GW: On a personal note, you’ve been playing more golf recently and participating in more member-guest events. Are you enjoying the game?
MM: So much more. When I started in this business, I didn’t golf at all. That’s why a lot of our places are a lot more casual and there’s a lot more fun aspects introduced to the golf experience than just golf, like our comfort stations and our casualness on the golf course. I don’t make you wear a golf shirt because when we started, I couldn’t get my kids to wear golf shirts. They just wore T-shirts, so I decided, why fight it? The good news is I’ve been working the past 2 1⁄2 years with Hank Haney. He’s actually gotten me to the point where I can play golf and enjoy the game, which makes my job a lot more fun.
GW: How did the concept for the comfort stations evolve?
MM: It started at Estancia, which was my first project. I’d go out there with my kids, and they were very young at the time, so they weren’t really golfing. So I put coolers on every tee box. I had water and Cokes and candy bars. It kept my kids on the golf course with me. Even though they weren’t golfing, they were just sprinting down the golf hole to get to the next candy bar. It started with that, and it evolved into what we have now, which is basically full bars and restaurants. A lot of the places bring back candies and root-beer floats that you had as a kid. So it makes you feel like golfing at one of our places is a rare treat and brings back great memories.
GW: Are you looking for more domestic projects, or are you focused on developing what you have in place?
MM: We’re looking at domestic stuff. If you find something, it’s a good time to buy. But we’re also looking in Asia and the Middle East and South America.
GW: Are you looking at China?
MM: Yeah, we’re looking at China fairly heavily.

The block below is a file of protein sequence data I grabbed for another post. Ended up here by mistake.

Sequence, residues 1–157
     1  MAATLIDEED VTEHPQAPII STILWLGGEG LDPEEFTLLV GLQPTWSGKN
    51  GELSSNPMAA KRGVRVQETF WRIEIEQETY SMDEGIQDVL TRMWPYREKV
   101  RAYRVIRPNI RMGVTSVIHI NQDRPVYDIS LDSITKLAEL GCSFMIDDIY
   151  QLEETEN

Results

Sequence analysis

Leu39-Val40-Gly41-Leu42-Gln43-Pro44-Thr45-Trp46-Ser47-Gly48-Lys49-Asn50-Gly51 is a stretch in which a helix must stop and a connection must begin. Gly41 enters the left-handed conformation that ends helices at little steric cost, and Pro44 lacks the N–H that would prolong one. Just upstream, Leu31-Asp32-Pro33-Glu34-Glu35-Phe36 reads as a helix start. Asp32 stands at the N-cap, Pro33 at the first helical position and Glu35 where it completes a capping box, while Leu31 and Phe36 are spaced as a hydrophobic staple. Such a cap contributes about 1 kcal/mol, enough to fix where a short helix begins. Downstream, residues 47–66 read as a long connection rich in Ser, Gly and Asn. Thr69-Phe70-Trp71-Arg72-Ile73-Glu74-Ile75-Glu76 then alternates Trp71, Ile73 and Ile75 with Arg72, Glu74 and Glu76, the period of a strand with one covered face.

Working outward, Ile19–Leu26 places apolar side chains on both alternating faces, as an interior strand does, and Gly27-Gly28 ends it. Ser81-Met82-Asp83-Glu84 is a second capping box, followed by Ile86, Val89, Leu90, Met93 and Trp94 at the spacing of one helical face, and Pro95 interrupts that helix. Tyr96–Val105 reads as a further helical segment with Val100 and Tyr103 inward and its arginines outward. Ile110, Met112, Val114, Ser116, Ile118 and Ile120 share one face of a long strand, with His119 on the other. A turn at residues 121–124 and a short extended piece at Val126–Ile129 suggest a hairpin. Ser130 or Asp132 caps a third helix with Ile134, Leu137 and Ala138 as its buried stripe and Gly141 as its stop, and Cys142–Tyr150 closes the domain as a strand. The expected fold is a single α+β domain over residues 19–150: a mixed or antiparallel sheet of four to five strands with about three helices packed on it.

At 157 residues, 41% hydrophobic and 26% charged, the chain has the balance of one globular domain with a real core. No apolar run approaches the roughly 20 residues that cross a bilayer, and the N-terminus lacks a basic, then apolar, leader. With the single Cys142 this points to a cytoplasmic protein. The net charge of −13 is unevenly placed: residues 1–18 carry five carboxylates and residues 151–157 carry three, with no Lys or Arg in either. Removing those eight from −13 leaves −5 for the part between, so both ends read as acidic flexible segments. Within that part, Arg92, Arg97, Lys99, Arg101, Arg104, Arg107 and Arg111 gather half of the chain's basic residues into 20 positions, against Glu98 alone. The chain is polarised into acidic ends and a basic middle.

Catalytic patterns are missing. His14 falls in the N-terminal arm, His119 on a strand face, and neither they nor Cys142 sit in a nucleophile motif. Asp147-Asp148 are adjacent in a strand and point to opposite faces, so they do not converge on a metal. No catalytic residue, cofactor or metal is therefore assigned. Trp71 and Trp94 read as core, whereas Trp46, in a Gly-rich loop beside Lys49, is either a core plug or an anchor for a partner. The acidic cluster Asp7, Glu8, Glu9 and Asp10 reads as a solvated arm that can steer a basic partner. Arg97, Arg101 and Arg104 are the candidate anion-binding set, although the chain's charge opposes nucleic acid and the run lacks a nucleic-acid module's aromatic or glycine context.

GW: Anything imminent?
MM: We’re under MOUs (memorandum of understanding) in three or four different places. That’s the beginning of the process. I don’t know how long that process takes.
GW: You mentioned the casual nature that you cultivate at your clubs. Tom Fazio recalled a preview for Mountaintop years ago in Atlanta at which you showed up in shorts, sandals and unshaven. Tom said he had to take you to Brooks Brothers to buy you a suit. Are you always that casual?
MM: I showed up and my shtick didn’t work very well in the South. But it grew on everyone and Mountaintop became a huge success. I actually know how to dress and act, but people sometimes are scared that I don’t. But Tom did have to save me there.
GW: Do you have a favorite project?
MM: It’s like, who’s your favorite kid? I always say Kukio is the best development anyone will ever see because of where it’s located and the amount of money that was invested and the membership that was created. So I always say Kukio is the mother ship. Baker’s Bay can be that because the physical environment might be the best I’ve ever seen. If we were to say, ‘God, can you create the perfect property for us?’ it would be Baker’s Bay. It’s half an island with seven miles of white sand beach and beautiful tropical waters. The environment is so important because you can’t buy it. It has to be created naturally. So that could end up being the best, and El Dorado is by far the most fun. And from a pure golf experience, it’s hard to beat Madison. Then for skiing, there’s Yellowstone Club, which is an impressive, impressive place.